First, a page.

Chief Executive Leung Chun-ying has said that most Hong Kong students are Chinese people, regardless of their self-identification.
Leung was responding on Tuesday to the decision of some university students not to hold any events in commemoration of the 1989 Tiananmen massacre, citing a lack of identification with China.
“Most people in Hong Kong – including university students – are Chinese people,” Leung said at a regular media session.
“No matter what they think, everyone – including the international community – will consider them to be Chinese people. Even if some Hongkongers hold foreign passports, if foreigners look at your name, cultural background and birth, they will still think you are Chinese regardless of your passports.”
Leung said “if the students gave it a thought, they should know that Hong Kong is part of China.” He urged every Chinese national to contribute to the development of China.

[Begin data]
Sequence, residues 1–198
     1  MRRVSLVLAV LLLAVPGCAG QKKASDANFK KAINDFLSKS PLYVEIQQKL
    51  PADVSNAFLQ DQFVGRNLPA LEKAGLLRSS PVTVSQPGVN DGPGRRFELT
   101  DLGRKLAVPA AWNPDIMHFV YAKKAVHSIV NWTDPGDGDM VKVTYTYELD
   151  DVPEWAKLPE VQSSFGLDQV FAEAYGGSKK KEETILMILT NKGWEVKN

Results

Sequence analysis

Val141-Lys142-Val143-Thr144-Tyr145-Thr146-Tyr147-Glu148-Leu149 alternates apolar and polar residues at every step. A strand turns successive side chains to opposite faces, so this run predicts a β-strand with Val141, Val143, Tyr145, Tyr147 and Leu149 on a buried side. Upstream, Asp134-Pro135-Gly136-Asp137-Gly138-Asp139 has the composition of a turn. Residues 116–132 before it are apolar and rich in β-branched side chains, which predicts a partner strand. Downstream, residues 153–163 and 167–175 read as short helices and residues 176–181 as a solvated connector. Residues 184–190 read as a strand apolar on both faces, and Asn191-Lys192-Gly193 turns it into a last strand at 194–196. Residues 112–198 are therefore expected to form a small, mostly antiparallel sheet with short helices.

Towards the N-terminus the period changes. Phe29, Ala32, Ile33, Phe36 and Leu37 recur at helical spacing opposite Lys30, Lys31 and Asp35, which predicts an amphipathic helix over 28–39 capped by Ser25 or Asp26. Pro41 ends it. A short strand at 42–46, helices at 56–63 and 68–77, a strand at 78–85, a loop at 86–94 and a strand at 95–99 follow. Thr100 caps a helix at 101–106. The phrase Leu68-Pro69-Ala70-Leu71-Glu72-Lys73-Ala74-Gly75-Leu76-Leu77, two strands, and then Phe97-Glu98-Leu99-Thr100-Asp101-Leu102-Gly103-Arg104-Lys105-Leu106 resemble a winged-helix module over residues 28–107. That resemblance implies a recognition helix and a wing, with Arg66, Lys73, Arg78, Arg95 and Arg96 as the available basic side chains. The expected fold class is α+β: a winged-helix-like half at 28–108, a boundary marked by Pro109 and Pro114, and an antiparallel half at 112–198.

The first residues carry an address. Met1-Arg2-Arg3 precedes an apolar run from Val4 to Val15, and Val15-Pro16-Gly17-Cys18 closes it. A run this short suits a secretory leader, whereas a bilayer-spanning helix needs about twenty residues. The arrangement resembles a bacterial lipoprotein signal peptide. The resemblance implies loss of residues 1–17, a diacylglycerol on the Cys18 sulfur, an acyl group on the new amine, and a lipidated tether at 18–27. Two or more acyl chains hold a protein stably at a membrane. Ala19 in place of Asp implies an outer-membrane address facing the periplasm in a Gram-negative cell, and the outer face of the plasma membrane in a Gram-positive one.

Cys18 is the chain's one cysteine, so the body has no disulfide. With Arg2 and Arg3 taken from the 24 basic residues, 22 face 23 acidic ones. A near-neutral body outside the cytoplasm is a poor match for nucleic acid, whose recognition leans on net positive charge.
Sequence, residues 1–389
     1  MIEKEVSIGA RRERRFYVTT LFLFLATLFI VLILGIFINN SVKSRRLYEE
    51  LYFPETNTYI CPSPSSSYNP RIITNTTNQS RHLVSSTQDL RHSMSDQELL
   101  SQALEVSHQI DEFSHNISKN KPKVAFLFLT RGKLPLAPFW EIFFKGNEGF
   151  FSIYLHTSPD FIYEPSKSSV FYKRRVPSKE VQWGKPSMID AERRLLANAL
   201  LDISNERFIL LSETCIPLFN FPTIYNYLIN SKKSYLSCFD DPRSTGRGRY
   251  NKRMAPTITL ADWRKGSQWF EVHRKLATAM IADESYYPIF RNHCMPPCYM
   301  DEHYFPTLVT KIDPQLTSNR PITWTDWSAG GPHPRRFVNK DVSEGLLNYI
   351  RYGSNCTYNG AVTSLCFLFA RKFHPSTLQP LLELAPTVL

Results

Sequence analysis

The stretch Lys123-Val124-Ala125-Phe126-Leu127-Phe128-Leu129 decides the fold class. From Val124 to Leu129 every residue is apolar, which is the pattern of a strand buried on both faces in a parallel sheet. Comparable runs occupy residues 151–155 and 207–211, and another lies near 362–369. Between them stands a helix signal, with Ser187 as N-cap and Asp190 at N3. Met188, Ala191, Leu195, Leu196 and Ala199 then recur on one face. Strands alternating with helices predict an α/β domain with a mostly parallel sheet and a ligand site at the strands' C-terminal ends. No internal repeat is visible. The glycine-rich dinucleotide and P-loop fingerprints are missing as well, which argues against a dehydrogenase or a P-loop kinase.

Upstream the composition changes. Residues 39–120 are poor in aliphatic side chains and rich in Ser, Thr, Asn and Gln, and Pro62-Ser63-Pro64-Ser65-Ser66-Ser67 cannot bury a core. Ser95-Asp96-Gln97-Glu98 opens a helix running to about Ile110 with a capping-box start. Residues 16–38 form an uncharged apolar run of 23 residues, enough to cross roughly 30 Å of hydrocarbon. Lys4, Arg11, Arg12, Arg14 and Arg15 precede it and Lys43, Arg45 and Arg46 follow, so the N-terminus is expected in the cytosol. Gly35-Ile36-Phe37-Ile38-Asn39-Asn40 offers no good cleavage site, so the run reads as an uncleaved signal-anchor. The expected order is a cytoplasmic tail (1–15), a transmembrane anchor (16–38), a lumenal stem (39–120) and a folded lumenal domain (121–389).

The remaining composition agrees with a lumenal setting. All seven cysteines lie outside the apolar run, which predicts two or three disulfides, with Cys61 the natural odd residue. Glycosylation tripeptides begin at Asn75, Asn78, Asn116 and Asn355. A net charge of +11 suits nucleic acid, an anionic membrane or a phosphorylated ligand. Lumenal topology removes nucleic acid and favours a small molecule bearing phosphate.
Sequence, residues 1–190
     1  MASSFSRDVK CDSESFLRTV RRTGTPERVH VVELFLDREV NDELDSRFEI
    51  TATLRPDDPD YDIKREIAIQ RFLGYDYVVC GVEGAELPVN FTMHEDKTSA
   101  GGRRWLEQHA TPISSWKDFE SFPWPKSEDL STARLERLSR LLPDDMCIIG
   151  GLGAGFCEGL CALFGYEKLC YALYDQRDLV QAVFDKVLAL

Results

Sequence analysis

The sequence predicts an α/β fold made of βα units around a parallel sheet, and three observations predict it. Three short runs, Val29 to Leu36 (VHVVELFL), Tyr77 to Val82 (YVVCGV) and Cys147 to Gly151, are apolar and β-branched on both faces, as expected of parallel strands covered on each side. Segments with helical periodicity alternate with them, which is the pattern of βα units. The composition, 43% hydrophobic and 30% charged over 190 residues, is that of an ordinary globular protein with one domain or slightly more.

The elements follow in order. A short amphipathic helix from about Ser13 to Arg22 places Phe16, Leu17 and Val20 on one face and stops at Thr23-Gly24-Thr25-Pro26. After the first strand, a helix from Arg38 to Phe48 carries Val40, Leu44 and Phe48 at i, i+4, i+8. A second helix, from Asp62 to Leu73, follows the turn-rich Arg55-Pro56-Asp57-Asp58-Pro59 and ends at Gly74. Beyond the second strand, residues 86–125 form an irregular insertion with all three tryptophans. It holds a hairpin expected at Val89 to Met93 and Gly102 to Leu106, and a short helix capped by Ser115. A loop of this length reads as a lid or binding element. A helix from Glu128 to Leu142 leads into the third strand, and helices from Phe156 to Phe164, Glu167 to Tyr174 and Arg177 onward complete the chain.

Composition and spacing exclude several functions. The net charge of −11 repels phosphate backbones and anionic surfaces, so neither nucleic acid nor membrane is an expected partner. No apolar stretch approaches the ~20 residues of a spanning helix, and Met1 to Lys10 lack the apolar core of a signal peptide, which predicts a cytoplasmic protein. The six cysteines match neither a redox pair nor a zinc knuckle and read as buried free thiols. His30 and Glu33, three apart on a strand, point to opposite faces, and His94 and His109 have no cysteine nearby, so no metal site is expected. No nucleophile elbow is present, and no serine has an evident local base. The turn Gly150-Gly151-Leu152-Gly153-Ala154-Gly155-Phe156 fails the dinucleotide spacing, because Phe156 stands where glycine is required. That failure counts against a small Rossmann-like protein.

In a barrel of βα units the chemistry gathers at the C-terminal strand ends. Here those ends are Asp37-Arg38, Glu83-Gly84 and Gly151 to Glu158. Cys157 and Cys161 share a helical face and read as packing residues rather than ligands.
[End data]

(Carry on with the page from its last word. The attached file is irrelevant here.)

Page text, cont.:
‘Freedom of expression’
The chief executive was also asked to comment on the 1989 Tiananmen massacre. A day after Beijing’s violent crackdown on student protesters 28 years ago, Leung signed a statement “strongly condemning the Chinese Communist Party for butchering Chinese people.” He was the secretary general of the Basic Law Consultative Committee at the time.
In another statement, Leung “strongly condemns the Beijing authorities for their cold-blooded act of killing people indiscriminately” and “mourns the patriots who sacrificed themselves for the democratic development of China.”
On Tuesday, Leung did not give his views on the event. He said: “Hong Kong has freedom of expression. As long as the means of expression are legal, people are free to express their different political views.”
On Sunday – which marked the 28th anniversary of the Tiananmen massacre – Leung wrote on Facebook discussing housing issues. He made no mention of the event.
Since taking office in 2012, Leung has avoided commenting on the incident. Last year, he said: “Hongkongers and the people of the country are attached by blood… Hongkongers should care about the major events that took place on the mainland.”
The Tiananmen crackdown remains a taboo in mainland China. The Chinese government censors books related to the event and blocks online searches of relevant terms.
At least eight activists who staged a tribute to the massacre in Hunan on Saturday were taken away by police the next day.
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